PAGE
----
COLUMBUS — A state hearing officer was wrong when he recommended closing Toledo’s last abortion clinic because it lacks a valid emergency-care agreement with a local hospital, the clinic argued in a legal filing released Tuesday.
Capital Care Network, which remains open, urged Lance Himes, interim director of the Ohio Department of Health, to reject hearing examiner William Kepko’s recommendation and not revoke the clinic’s license. A decision could come at any time.
The clinic’s Cincinnati attorney, Jennifer Branch, argued that the former director, Dr. Ted Wymyslo, arbitrarily determined that a “local” hospital must be within 30 minutes of traveling time when he rejected a transfer agreement the clinic entered into with the University of Michigan Health System.
The state budget passed last year wrote into law a prior administrative rule requiring ambulatory surgical facilities such as abortion clinics to have agreements in place with hospitals for the transfer of patients if complications arise.
Lawmakers then went further by requiring that hospital to be local, without defining that word, and prohibiting public hospitals from entering into agreements.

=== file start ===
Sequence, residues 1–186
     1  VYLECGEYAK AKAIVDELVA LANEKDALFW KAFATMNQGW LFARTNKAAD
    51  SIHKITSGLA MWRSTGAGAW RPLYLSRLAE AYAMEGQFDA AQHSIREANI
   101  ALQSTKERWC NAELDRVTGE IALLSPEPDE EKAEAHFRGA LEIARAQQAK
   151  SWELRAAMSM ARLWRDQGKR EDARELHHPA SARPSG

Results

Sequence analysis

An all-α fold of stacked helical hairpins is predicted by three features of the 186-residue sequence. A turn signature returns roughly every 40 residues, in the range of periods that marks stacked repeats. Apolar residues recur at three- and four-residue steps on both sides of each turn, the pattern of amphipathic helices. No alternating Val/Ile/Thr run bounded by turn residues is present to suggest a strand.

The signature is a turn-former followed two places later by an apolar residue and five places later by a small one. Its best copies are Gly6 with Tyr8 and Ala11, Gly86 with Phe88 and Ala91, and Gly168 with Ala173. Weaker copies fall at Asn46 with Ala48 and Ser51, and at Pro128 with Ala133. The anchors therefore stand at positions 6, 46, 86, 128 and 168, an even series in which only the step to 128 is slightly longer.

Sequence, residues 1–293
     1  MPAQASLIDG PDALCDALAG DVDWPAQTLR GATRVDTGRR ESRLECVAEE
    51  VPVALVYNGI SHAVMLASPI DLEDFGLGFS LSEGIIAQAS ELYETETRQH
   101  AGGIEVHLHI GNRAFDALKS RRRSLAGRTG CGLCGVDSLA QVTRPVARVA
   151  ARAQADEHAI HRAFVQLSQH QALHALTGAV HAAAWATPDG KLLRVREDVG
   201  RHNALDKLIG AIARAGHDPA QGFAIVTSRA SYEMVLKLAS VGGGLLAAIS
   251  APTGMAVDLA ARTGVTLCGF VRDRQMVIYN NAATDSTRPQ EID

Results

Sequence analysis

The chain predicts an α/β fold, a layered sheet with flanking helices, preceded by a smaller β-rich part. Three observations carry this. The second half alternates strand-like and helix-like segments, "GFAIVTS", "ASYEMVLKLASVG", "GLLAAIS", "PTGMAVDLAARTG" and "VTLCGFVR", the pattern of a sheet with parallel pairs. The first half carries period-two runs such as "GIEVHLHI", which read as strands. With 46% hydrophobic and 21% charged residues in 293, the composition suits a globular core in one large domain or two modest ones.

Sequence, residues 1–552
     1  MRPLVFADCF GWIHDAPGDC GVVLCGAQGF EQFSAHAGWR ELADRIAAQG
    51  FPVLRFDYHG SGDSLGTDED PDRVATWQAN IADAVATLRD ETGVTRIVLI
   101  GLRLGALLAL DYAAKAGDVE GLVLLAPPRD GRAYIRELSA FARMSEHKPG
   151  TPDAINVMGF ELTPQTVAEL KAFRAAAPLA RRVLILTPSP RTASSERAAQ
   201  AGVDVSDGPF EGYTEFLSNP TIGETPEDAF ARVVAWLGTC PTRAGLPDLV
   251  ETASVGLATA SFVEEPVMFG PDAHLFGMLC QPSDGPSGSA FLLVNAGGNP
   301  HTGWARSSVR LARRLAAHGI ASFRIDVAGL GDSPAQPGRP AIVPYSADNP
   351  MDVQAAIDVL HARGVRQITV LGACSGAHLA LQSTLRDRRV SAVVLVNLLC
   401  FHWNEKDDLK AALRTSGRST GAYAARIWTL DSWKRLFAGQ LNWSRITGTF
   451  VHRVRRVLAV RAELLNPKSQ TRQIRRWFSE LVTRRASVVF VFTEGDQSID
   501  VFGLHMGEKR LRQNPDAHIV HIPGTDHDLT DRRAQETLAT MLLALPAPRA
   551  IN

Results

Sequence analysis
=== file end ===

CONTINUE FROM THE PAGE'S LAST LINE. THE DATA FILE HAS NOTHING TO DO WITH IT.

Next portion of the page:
The University of Toledo Medical Center, the former Medical College of Ohio, had already notified Capital Care it would not renew its transfer agreement that expired July 31, 2013, and under the new law would not be permitted to enter into such an agreement today.
Terrie Hubbard, the clinic’s owner, struggled to find a hospital willing to take UTMC’s place before inking an agreement with the Ann Arbor hospital more than 50 miles away.
She testified before Mr. Kepko in March that she would arrange for a helicopter that could transfer a patient experiencing life-threatening complications within 15 to 20 minutes.
“... in the rare event that a patient experiences a life-threatening emergency requiring immediate medical attention, Capital Care’s procedure is to call 911 and allow EMTs to transfer the patient via ambulance to the nearest hospital of the EMT’s choice,” Ms. Branch wrote. “There is no risk that the patient will not be treated at the hospital because federal law requires the hospital to accept and treat every emergency patient until they are stabilized before sending the patient to another hospital.”
Mr. Kepko had determined that Dr. Wymyslo’s 30-minute rule was reasonable and that the UMHS wasn’t “local.”
He deemed Ms. Hubbard’s helicopter transfer plan unreliable as he advised the interim director that the original order to close the facility was appropriate.
Mr. Himes, former department legal counsel, advised Dr. Wymyslo before the prior order to close the facility was issued last year. Should a new closure order be issued, the issue, as well as the question of the law’s constitutionality, is expected to end up in court.
Contact Jim Provance at: email@example.com or 614-221-0496.
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